Hollywood power couple Kristen Bell and Dax Shepard arrive in Waco with homegrown diaper brand

Kristen Bell and Dax Shepard celebrated their new business Tuesday minutes away from Beverly Hills.

No, not that Beverly Hills. The one outside Waco.

The Hollywood power couple drew a small crowd to the southern end of Waco as they opened the first production facility for their Hello Bello baby diaper brand.

Families streamed through giant double doors to tour the bright purple, blue and yellow-painted building, an anomaly among Waco’s other industrial facilities. Locals were served sweet tea and Vitek’s BBQ from food trucks while kids ran through a row of bounce castles and took turns on a mechanical bull. Multiple bands performed throughout the afternoon, one of which introduced a cover of Hall & Oates’ “Sara Smile” as “Sara Marshall Smile” — a reference to Forgetting Sarah Marshall, the 2008 romantic comedy that Bell starred in.

“For a couple of liberal commies, y’all have really opened your arms to us, and we thank you for that,” Shepard joked before cutting a giant ribbon made of interconnected diapers to commemorate the opening of the 312,000-square-foot facility.

The plant makes Hello Bello the only traditional diaper brand manufacturing its own diapers, according to the founders. The company will receive $2.5 million in tax incentives from the the city of Waco and McLennan County that are tied to job creation and maintaining a $15-an-hour minimum wage, according to the Waco Tribune-Herald.

The incentives require Hello Bello to create at least 110 jobs, but co-founder Sean Kane said he expects the site may eventually employ twice as many people.

Bell and Shepard founded the company in 2019 with co-CEOs Kane and Jay McGraw, son of TV personality Dr. Phil McGraw, as well as chief operating officer Jennifer Pullen. Kane is known for founding The Honest Co. with actress Jessica Alba. Both he and McGraw are also Texas natives.

“I grew up in Texas my whole life ... and it’s amazing to see how the city has exploded,” McGraw said of Waco during the event.

The Hello Bello plant in Waco is expected to be fully operational over the next few weeks.(Lola Gomez / Staff Photographer)

The plant opening is the latest in a string of investments in the Waco area over the past several years. Long known as a college town situated equidistant from Dallas and Austin, the region has attracted investments from Dallas-based Topgolf Entertainment, additional investment to expand a nearby SpaceX facility as well as a new Amazon fulfillment center, not to mention the continued impact of Chip and Joanna Gaines’ business operations.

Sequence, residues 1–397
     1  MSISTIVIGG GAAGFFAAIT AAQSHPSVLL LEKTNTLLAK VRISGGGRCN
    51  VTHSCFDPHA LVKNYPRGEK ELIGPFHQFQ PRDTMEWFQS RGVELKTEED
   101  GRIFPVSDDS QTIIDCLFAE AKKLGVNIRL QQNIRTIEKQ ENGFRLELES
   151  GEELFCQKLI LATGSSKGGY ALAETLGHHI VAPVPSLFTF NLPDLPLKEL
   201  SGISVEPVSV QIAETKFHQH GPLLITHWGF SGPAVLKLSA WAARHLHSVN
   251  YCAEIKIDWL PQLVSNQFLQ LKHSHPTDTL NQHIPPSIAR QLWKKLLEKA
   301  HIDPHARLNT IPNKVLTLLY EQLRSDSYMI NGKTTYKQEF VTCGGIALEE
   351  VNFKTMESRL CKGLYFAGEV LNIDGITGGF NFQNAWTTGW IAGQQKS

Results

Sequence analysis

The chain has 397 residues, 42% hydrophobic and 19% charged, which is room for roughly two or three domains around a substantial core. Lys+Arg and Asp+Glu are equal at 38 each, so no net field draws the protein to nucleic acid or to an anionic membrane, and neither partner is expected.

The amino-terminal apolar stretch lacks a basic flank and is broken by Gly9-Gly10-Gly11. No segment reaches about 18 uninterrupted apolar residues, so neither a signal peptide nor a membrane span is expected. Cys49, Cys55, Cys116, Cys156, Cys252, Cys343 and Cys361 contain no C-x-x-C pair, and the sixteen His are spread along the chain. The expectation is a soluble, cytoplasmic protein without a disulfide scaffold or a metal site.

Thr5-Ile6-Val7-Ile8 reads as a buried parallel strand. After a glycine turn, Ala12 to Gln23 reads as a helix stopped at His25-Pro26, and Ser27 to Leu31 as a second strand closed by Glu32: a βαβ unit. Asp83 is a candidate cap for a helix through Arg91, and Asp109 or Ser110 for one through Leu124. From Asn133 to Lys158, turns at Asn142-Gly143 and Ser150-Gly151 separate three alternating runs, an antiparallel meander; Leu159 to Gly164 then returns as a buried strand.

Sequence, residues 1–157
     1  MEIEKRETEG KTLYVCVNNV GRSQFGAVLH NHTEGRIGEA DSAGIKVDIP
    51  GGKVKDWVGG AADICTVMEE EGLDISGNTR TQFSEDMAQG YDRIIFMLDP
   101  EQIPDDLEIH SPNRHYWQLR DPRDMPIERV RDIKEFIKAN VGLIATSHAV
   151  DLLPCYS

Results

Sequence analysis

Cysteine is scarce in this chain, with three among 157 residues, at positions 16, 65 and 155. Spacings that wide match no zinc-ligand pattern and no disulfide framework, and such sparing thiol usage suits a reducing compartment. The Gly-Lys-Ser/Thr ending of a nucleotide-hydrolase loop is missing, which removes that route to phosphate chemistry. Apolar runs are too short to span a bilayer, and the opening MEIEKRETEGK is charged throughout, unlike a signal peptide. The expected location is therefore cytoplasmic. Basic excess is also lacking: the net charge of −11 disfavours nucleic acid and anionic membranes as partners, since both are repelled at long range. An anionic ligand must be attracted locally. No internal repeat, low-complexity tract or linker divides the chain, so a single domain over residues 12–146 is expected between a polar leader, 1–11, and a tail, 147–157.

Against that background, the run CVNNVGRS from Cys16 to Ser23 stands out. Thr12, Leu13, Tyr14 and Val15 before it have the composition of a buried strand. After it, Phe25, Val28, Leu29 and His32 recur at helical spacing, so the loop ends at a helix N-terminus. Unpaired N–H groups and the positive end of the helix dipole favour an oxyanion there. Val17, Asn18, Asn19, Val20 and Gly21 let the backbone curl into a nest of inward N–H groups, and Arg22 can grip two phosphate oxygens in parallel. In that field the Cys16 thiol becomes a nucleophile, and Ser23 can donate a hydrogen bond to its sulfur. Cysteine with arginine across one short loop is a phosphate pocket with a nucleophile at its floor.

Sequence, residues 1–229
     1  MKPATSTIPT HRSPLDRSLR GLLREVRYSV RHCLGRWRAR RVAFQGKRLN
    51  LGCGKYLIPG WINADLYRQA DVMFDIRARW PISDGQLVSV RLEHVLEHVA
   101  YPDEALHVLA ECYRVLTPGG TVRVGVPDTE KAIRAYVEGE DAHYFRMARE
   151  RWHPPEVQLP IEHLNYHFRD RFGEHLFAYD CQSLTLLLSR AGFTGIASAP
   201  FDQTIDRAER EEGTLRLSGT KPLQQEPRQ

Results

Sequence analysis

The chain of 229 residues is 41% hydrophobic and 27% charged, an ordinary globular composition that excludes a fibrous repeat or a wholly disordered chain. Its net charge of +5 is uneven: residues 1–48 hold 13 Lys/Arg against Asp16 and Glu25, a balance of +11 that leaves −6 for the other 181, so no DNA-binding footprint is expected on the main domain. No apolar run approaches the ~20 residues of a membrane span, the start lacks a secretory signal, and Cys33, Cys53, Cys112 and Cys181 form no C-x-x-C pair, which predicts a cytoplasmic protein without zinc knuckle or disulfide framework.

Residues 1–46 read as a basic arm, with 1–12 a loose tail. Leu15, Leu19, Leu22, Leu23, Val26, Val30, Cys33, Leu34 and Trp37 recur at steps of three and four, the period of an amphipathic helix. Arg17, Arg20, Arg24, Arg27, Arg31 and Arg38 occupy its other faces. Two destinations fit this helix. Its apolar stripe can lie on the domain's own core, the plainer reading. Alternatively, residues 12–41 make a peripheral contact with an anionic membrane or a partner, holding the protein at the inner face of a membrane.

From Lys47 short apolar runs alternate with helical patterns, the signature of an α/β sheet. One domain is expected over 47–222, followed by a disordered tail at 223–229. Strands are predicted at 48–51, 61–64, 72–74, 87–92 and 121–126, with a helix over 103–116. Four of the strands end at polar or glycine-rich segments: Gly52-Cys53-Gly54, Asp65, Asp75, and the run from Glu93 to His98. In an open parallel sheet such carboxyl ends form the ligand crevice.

“I think the world is watching Waco right now,” Waco Mayor Dillon Meek told employees, business partners and the community gathered at the Hello Bello opening event.

“Between 2020 and 2021, we’ve announced over 4 million square feet of new construction in McLennan County — an all-time high for our region,” Meek said.

Hello Bello cited Waco’s proximity to raw materials and its centrally located shipping hubs in the area as reasons it chose the city for its plant. It has invested around $31 million in the space, renovating an old Domtar Personal Care site.

The plant has completed construction of one of its three production lines already and expects to have the whole plant operating in the next “several weeks,” said Rusty Able, director of Hello Bello’s baby diaper program. Each of the three production lines is capable of fixing together lining, wings and fastening strips to make 800 diapers every minute.

Hello Bello has more than 160 employees overall, and some employees are moving from its home base in Los Angeles to the Waco facility, which includes offices, Kane said.

Jeff Sutton, 39, and his family are some of those transplants. Sutton, who works in distribution for Hello Bello, said that he never saw himself living in Texas but that the opportunity to be a part of building a new company from the ground up was enticing.

Like Kane’s other venture, the independent diaper manufacturer takes a health- and environmentally-conscious approach to its branding and business operations. Hello Bello’s product line also includes wipes, toiletries, cleaning supplies and seasonal goods.

Texas economist Ray Perryman said several factors are contributing to Waco’s growth prospects, with the first and most obvious being the Magnolia businesses created by the Gaineses of HGTV’s Fixer Upper fame.

Magnolia at the Silos has become “a phenomenon and really transformed Waco into a tourism destination,” he said.

A pre-pandemic study found that Magnolia has been a catalyst for a 44.3% increase in the relative importance of tourism in the area. More than two-thirds of the direct spending occurs at venues other than Magnolia, such as hotels and restaurants, Perryman said.

And there are significant new real estate developments under way in the Baylor-Downtown-Brazos River area of town, including housing, retail, restaurants, hotels and tourist attractions.

Waco has always had a manufacturing base, including one of the largest Mars candy factories in the U.S., and Baylor University’s student body has grown significantly in recent years to more than 20,000 students, Perryman said.

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